One of the identity’s most striking centrepieces was an enormous digitally-printed curtain, lining the walls of the Utopia Treasury — and now the season is over, it has been given a new lease of life as the fabric for a collection of shirts, created by Muggeridge together with Sophie Hawkins.
“The treasury aspect was developed with the architects Dyvik Kahlen, with whom we collaborated with on the design and the content of the space,” Fraser Muggeridge explains, “with the curtain being a clever way of masking its awkward surfaces, finishes, windows, doors and obstacles. Its function was to create an intimate, all-encompassing space, and to act as a backdrop to events, talks, and exhibitions that happened there throughout the year.” The technicolour design of the curtain was created by collecting and combining a range of online visual and written sources that contained the word ‘Utopia’, creating a vibrant collaged backdrop to the Treasury itself. “To us, Utopia is whatever anyone wants it to be; the collaging of nightclubs, coffee shops, computer games created this,” says Muggeridge. “The only requirement for the content was that it had to contain the actual word ‘Utopia.’”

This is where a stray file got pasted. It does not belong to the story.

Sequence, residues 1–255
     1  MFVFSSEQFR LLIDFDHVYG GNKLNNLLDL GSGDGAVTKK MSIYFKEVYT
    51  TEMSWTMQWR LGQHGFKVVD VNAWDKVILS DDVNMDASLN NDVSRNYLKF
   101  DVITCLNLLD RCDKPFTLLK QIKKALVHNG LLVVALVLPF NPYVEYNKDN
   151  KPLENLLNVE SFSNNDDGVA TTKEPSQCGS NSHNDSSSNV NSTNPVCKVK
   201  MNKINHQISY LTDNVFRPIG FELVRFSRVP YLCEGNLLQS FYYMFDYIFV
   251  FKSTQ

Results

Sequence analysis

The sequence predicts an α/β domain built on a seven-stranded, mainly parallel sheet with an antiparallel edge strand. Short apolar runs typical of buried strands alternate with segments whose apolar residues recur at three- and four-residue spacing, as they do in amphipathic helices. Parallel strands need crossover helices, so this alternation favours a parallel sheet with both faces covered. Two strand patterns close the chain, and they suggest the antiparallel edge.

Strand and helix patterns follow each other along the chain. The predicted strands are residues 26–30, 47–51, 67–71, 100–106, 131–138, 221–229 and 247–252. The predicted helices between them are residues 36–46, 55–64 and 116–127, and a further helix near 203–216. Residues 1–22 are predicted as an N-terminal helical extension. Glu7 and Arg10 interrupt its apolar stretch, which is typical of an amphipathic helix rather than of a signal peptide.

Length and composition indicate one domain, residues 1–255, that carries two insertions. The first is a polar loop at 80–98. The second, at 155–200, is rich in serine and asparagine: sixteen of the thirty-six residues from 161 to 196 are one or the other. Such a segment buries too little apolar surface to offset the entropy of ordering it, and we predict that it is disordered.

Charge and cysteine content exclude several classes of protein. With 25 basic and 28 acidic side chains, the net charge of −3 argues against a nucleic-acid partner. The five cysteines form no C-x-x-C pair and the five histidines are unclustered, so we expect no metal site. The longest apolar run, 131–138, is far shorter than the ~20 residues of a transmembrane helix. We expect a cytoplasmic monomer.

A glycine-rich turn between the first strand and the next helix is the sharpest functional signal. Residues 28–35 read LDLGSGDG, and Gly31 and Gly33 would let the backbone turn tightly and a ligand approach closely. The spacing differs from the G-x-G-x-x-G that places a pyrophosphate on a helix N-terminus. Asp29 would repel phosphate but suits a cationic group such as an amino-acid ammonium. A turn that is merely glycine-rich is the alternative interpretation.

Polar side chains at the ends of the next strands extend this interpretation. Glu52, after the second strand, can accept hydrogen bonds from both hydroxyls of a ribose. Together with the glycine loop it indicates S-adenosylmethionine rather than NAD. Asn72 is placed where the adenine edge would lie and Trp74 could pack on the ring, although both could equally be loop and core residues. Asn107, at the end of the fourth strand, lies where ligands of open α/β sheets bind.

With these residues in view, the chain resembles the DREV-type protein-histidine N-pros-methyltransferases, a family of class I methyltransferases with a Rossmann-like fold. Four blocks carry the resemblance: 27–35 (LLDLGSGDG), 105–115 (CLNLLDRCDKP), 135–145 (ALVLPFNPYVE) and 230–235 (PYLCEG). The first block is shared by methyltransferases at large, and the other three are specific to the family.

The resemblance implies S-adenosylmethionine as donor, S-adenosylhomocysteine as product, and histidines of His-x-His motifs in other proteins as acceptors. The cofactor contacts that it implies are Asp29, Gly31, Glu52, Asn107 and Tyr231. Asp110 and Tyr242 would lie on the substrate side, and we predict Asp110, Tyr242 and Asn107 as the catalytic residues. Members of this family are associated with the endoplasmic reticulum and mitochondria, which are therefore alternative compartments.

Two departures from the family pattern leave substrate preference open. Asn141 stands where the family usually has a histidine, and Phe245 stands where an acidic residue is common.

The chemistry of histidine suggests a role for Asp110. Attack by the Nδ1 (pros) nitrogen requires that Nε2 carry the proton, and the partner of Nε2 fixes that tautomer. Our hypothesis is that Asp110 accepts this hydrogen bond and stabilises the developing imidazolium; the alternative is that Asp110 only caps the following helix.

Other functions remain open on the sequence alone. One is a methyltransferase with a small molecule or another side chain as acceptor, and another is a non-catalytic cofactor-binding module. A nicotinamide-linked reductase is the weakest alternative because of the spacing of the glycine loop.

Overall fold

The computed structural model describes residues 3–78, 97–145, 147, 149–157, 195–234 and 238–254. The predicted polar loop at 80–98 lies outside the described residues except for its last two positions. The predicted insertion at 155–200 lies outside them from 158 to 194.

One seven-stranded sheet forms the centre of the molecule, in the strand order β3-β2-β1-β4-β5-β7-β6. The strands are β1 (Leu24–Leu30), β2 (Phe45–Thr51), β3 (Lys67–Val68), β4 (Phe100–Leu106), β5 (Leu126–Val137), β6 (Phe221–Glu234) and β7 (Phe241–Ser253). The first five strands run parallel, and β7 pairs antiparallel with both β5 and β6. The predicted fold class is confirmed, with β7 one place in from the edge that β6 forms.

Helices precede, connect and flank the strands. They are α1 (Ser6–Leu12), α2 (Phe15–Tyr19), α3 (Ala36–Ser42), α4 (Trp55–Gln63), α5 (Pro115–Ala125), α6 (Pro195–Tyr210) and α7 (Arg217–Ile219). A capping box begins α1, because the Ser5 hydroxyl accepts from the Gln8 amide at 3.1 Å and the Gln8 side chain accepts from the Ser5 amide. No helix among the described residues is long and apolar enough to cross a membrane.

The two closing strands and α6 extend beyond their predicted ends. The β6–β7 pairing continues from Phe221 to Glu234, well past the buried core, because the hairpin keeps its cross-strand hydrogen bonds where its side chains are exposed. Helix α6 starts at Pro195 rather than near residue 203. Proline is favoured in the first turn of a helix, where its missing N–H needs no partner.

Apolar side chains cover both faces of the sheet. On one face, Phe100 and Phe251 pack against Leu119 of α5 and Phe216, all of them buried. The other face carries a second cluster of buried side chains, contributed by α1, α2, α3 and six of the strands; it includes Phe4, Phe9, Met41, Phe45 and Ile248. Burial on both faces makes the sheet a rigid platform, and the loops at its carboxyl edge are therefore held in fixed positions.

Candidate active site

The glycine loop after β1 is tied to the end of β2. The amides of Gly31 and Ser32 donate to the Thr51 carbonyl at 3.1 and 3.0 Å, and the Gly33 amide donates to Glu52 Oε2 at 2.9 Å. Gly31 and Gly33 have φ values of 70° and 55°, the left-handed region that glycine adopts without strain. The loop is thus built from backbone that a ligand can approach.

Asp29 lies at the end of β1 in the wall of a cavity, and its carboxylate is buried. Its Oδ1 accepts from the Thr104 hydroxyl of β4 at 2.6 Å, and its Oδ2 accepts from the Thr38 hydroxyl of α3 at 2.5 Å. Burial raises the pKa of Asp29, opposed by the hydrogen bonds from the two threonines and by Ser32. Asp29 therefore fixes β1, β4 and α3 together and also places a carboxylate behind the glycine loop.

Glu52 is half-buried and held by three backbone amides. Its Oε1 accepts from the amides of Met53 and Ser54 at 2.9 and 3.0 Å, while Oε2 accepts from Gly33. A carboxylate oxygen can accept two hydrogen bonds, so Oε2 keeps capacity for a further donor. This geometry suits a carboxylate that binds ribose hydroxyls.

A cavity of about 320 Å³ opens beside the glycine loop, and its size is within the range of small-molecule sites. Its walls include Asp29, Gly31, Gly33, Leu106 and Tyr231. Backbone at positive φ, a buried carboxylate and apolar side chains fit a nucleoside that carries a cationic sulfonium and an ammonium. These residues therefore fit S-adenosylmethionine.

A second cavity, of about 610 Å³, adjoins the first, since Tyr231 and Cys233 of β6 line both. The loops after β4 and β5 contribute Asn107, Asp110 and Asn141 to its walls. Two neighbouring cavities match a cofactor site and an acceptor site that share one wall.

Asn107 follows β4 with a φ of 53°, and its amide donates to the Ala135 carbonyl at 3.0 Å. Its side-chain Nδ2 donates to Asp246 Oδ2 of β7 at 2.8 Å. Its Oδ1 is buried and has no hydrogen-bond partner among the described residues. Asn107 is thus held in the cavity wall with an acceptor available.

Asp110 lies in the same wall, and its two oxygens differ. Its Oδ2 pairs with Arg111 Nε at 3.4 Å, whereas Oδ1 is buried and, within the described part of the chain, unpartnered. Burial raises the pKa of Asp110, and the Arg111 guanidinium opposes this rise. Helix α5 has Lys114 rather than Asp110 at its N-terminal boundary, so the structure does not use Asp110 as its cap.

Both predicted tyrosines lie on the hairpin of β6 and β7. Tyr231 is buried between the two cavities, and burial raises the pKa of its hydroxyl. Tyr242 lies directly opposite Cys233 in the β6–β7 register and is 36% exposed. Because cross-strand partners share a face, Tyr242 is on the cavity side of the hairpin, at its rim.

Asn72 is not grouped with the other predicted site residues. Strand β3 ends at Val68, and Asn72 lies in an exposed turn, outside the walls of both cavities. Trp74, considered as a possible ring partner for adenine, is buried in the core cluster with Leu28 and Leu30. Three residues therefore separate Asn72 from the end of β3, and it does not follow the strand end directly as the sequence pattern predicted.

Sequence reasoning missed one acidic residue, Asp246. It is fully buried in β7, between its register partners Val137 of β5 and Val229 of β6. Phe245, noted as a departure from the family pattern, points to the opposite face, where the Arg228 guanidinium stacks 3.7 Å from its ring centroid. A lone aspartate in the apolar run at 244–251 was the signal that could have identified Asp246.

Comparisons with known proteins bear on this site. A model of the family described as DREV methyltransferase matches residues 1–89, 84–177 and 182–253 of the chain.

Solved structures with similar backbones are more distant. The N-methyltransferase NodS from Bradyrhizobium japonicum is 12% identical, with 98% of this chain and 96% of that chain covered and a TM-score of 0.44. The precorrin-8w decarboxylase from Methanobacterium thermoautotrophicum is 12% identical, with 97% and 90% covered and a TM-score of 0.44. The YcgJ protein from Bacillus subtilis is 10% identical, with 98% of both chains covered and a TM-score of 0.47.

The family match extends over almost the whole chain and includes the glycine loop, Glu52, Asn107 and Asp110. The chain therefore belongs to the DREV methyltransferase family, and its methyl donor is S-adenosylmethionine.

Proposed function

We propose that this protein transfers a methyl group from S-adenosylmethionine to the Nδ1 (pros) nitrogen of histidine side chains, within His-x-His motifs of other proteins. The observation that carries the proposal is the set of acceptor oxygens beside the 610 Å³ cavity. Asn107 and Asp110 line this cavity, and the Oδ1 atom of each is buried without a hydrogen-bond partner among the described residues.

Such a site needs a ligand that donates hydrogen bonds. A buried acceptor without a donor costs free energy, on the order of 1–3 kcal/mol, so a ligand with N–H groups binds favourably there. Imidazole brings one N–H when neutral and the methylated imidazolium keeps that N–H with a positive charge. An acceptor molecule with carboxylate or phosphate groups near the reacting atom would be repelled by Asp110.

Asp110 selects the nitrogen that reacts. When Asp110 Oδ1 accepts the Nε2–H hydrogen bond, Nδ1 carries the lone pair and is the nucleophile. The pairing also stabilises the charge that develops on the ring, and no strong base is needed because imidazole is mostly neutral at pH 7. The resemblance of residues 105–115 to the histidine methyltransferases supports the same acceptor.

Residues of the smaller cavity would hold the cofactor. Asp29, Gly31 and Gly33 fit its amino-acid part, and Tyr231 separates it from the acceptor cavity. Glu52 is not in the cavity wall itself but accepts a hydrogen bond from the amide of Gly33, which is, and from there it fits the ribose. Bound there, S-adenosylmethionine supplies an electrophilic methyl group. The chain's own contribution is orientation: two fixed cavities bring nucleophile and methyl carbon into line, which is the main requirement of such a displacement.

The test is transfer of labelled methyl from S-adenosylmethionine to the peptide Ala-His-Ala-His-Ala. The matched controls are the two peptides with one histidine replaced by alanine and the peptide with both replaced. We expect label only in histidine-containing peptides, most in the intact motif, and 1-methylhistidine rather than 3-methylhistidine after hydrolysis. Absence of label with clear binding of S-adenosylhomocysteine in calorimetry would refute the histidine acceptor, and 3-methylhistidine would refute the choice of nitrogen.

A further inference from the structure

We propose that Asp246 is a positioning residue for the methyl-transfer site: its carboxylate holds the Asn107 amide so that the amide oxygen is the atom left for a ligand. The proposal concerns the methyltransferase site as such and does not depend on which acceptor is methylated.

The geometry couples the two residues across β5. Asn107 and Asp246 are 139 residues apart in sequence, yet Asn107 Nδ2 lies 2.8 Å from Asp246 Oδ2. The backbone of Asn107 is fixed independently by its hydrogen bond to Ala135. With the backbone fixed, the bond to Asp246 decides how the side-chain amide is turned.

Once the Utopia 2016 season was over, Muggeridge was keen not to see the curtain go to waste, and set about devising a new use for its many metres of fabric. “The curtain was made from digitally printed cotton, so I always had it in mind to make some form of clothing from it — it seemed a waste to throw away such a large quantity of fabric,” he says. “Shirts seemed like a new unfamiliar medium to move into, but I didn’t have any experience or knowledge and didn’t know where to start. I met Sophie Hawkins through a mutual friend, and she had the skill set to cut the pattern and organise samples to get to this stage.” The resulting shirts, which have been produced in a limited edition of 30 to form the FMS A/W 17 Collection, are made to order in London by a high quality East End tailor; each shirt is unique, being cut from a different part of the curtain, creating new and eye-catching juxtapositions of its collaged content.